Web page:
Colon produces unlikely tying run while tossing seven
Veteran righty increases offensive production, remains dominant from mound
NEW YORK -- Nobody saw it coming. Not Anthony Recker, who stood on first not expecting to move. Not even Terry Collins, the man who sent Bartolo Colon up to the plate with the bases loaded in the first place.
"Yes, I was surprised," the Mets manager said. "I'm surprised when he swings."
But with the Mets down just one run in the fifth inning, Collins opted to let his pitcher hit for himself -- the pitcher who went nine years between RBIs before managing one in his last start April 12, the pitcher with just 13 hits in 18 big league seasons, the pitcher, who at age 41, seemingly never stops surprising.
"With the bases loaded, I wanted to be aggressive," said Colon, who became the first starter in the Majors to three wins due in large part to his game-tying sacrifice fly in the fifth of the Mets' 4-1 win Friday over the Marlins. "I wanted to get a fly ball and bring a run home. That's exactly what I was thinking."
Colon sent his drive to center off David Phelps deep enough to score Eric Campbell from third, sending the 38,753 gathered at Citi Field into a surprised frenzy. For Colon, it was just the second sacrifice fly of his career and first since 2002. That year he set a career high with three RBIs. Through three games this season, he already has two.
"He's been working really hard with [hitting coach] Kevin Long," said Recker, who admitted he thought at the time Colon should have conceded the at-bat by striking out looking. "And he's showcasing it all."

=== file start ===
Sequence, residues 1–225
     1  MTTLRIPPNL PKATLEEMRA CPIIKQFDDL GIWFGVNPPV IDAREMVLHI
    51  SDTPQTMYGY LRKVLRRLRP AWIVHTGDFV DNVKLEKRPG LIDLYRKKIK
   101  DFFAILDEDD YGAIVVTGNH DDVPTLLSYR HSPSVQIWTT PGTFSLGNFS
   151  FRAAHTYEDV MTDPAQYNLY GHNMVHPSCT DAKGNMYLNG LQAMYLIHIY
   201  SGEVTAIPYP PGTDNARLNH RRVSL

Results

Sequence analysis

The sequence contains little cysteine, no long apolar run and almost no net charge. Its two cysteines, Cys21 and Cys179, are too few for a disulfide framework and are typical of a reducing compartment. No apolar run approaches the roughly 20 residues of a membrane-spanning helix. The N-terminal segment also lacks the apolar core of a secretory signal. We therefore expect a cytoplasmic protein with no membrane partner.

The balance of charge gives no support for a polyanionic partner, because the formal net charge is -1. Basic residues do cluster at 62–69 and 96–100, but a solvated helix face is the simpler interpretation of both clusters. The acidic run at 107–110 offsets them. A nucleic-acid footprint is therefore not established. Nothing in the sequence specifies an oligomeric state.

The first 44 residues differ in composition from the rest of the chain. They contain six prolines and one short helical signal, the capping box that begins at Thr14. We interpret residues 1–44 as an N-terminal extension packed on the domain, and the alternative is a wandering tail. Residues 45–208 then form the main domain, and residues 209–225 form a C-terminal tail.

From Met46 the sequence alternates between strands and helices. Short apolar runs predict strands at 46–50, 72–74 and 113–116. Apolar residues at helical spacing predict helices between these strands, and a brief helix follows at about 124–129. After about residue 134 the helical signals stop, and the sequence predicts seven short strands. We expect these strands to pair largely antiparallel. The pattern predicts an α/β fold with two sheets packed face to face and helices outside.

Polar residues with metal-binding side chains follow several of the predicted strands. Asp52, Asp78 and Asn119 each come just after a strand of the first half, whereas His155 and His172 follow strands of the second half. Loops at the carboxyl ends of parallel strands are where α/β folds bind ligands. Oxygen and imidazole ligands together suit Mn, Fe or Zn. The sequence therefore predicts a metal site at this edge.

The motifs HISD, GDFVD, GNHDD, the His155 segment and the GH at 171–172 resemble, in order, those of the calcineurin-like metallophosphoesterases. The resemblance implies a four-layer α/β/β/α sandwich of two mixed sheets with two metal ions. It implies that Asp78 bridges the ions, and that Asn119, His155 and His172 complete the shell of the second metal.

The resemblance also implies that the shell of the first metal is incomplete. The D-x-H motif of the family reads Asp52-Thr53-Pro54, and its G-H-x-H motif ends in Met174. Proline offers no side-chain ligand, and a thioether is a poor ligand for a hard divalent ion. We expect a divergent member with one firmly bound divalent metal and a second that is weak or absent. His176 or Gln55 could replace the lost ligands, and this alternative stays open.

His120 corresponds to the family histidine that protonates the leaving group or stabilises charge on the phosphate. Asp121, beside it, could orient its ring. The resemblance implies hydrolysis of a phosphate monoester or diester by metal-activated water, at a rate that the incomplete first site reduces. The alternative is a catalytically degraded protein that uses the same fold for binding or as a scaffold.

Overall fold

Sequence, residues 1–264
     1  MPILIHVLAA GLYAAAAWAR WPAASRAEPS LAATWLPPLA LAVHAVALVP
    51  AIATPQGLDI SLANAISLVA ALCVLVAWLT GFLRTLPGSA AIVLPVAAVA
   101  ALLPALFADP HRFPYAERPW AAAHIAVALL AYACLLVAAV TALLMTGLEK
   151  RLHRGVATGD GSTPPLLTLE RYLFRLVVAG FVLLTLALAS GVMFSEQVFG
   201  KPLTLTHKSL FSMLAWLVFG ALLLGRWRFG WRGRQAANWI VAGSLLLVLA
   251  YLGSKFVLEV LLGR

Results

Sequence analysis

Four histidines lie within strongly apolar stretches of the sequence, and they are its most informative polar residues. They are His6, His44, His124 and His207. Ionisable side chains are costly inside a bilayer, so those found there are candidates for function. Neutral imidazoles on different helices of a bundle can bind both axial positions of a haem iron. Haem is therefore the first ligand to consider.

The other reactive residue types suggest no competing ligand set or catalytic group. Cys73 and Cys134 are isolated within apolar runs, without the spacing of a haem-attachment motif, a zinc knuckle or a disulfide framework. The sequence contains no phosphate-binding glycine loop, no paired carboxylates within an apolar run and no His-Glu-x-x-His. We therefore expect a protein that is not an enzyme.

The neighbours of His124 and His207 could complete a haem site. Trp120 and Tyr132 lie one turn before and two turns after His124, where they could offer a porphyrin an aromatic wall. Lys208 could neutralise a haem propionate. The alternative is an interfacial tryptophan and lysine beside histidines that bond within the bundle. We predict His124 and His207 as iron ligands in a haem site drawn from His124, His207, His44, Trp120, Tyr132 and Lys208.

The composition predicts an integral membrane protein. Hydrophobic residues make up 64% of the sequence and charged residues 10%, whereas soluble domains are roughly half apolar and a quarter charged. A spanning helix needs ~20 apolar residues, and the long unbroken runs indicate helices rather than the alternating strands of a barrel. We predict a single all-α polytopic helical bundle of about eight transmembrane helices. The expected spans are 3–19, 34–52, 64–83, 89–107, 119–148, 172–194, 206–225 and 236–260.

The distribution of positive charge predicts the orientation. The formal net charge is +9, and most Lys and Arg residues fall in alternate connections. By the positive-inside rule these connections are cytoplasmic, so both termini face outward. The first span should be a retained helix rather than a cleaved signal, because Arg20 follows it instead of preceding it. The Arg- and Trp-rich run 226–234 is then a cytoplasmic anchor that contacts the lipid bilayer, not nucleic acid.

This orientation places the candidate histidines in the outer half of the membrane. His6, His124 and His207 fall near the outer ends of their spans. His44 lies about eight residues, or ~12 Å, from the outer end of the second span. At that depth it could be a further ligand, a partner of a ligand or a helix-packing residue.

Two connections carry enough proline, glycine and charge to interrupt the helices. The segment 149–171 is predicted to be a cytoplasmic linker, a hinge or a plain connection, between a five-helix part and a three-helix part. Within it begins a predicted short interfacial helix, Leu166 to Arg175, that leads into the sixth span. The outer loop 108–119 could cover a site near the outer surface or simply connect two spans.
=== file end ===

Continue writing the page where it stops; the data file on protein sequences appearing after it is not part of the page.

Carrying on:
As surprising Colon's offensive production has been, he continues to pitch with ho-hum dominance. Friday he went seven innings for the second consecutive time out and wiggled out of multiple jams, including a first-and-second situation in the seventh to preserve the lead. Now Colon is tied for the Major League lead with three wins in three games, after topping the Mets staff with 15 a year ago.
His victory Friday was the 207th in a career that has demanded he consistently evolve as a pitcher. Once a flamethrower, Colon now finds success with ever-moving fastballs that he commands impeccably. He has walked just one batter in 20 innings this season.
"Now I'm a better pitcher because I can command the situation a lot better than when I used to," Colon said.
By increasing his work with Long and assistant hitting coach Pat Roessler, Colon has made himself an -- albeit unlikely -- improved offensive player as well.
He rewarded his manager's confidence Friday by coming through when Collins decided against pinch-hitting.
"If we were down more than one run, I would have [pinch-hit]," Collins said. "But when you're just down one run, you still think you're really in the game."
With Colon, the Mets typically are.